Officer Wilson then walked back to his cruiser and ran a records check on the Defendant. Records showed that the Defendant's license had been revoked, and at that point, Officer Wilson requested that the Defendant exit his vehicle. After multiple requests, the Defendant stepped out of the vehicle and ran away from the scene. Officers eventually found him "hiding under some bushes." They attempted to take him into custody, but the Defendant resisted arrest. After being "tasered" and "pepper sprayed, " the Defendant was taken into custody.

A later inventory search of the vehicle revealed a "club" in the driver's side floorboard, a "sap, which is used . . . as a weapon, " some needles, and a razor blade. Officer Wilson denied finding any narcotics in the vehicle.

While in police custody, the Defendant requested medical attention, and he was transported to Blount Memorial Hospital. Officer Wilson began obtaining warrants and was later informed that the Defendant had fled the hospital. According to Officer Wilson, the Defendant was ultimately taken into custody by the sheriff's office.

Brian Hensley testified that he was the District Supervisor for Blount County Community Corrections. Mr. Hensley testified that the Defendant had previously been "on [his] caseload" but that the Defendant's case was reassigned when he was taken into custody. Additionally, Mr. Hensley testified that he had "been the keeper of the record the whole time."

According to Mr. Hensley, the Defendant began the Community Corrections Program in February 2013, after serving nine-months' split confinement for a probation violation. Mr. Hensley confirmed that the Defendant had twice violated the rules of his community corrections sentence. Mr. Hensley first issued a violation warrant on April 17, 2013. After serving split confinement, the Defendant was returned to community corrections in December 2013. On April 7, 2014, Mr. Hensley filed a second violation warrant against the Defendant.

Mr. Hensley testified that the Defendant had never made "supervision payments" while on community corrections because "he was in jail, out of jail, back and forth." The Defendant also never reported his new charges to community corrections. Mr. Hensley opined that, given the Defendant's previous history with alternative sentencing, he would never be successful in the Community Corrections Program.

Mr. Hensley testified that between December 2013 and March 2014, the Defendant had apparently been reporting as required prior to the filing of the first violation affidavit, otherwise Mr. Hensley would have issued a warrant. The Defendant was tested for drugs while in the program. As was reflected in the first violation warrant, "there was an admitted use after a test, " but the Defendant passed three subsequent drug tests.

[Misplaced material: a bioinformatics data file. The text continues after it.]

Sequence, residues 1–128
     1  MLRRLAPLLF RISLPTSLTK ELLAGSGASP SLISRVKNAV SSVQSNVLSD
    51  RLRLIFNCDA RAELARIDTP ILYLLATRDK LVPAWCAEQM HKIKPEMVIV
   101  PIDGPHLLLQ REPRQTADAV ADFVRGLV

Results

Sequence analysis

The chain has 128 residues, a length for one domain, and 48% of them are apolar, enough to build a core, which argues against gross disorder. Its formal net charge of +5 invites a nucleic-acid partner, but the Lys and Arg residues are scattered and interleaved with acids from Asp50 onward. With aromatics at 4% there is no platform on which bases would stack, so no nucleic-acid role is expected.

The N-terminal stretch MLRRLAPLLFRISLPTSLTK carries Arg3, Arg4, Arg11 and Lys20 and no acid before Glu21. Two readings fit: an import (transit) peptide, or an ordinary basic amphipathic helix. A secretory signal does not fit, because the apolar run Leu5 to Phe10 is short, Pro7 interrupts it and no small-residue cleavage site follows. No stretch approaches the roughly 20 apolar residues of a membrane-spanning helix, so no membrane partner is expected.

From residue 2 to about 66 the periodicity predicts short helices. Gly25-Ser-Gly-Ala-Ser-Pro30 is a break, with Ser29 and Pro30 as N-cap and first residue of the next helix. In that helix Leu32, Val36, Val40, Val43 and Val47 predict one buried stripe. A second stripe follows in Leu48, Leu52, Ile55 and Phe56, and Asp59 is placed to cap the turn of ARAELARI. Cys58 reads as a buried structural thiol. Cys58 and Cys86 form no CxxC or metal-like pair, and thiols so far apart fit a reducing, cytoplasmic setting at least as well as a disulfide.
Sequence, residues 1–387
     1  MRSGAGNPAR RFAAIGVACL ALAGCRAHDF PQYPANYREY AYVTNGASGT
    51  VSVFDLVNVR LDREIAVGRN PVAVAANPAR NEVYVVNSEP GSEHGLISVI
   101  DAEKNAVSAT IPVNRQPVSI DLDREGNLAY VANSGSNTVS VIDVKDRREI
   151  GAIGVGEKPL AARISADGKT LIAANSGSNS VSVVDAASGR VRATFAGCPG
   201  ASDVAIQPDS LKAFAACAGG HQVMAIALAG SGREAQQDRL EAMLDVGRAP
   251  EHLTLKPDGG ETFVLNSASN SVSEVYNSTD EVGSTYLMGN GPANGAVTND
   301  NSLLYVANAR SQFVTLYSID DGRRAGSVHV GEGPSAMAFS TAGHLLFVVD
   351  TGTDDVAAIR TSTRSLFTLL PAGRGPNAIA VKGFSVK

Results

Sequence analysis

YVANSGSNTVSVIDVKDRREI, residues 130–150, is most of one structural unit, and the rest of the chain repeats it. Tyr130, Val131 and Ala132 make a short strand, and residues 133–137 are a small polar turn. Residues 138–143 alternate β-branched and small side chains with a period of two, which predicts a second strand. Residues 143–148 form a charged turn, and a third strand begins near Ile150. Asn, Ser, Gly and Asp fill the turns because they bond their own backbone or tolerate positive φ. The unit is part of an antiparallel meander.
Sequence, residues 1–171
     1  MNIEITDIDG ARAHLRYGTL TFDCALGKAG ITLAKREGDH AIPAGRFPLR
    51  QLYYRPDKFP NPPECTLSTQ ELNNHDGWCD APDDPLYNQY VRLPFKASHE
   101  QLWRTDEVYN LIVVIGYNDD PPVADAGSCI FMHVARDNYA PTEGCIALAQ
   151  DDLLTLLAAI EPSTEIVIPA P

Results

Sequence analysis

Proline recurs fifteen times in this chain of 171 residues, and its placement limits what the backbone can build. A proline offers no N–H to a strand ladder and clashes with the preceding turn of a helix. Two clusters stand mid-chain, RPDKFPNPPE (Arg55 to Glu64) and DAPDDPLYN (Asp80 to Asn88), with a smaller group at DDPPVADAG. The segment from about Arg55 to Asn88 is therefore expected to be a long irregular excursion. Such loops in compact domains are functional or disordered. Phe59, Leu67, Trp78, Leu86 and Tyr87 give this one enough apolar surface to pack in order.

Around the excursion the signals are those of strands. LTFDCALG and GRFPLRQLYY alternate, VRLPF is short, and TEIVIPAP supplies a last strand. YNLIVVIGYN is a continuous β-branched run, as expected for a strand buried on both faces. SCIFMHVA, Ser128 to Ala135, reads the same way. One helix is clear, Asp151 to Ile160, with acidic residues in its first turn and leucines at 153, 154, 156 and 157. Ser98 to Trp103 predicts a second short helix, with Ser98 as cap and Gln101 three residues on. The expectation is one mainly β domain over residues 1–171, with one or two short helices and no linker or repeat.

According to Mr. Hensley, the Defendant was in the Moral Reconation Therapy program and had been assessed for drug abuse problems. The Defendant "scored high in criminal history . . . [and] medium risk in drug and alcohol . . . ." Mr. Hensley testified that he did not recommend the Defendant as a good candidate for community corrections based on the Defendant's history of criminal activity and drug use. Additionally, Mr. Hensley had discussions with the Defendant, which led him to believe that the Defendant "[d]oesn't take the guidance and the coaching real well" and "it's got to be his way or no way."

The Defendant testified and admitted that he had needles in his possession when he was arrested on March 24, 2014. He further admitted that he was "in the process of buying drugs" when Officer Wilson pulled him over. The Defendant testified that he had used drugs since being released from a psychiatric facility about fifteen years ago. According to the Defendant, he was diagnosed with "chronic bipolar-ness and paranoid schizophrenia and mood disorder" but had since stopped "taking [his] medications and used drugs as a crutch to cope with [his] disorder." In particular, the Defendant abused morphine and cocaine.

The Defendant testified that he never had an opportunity to go to an inpatient rehabilitation facility before and that "through active addiction" he "was kind of scared to detox." He acknowledged that he would "dry out" in jail but that as soon as he got out he would resort back to drugs because he "didn't really have the tools or the guidance to do right." The Defendant testified that he was able to avoid drugs for a short period after his son was born but that when his relationship with his son's mother deteriorated, he began using drugs again.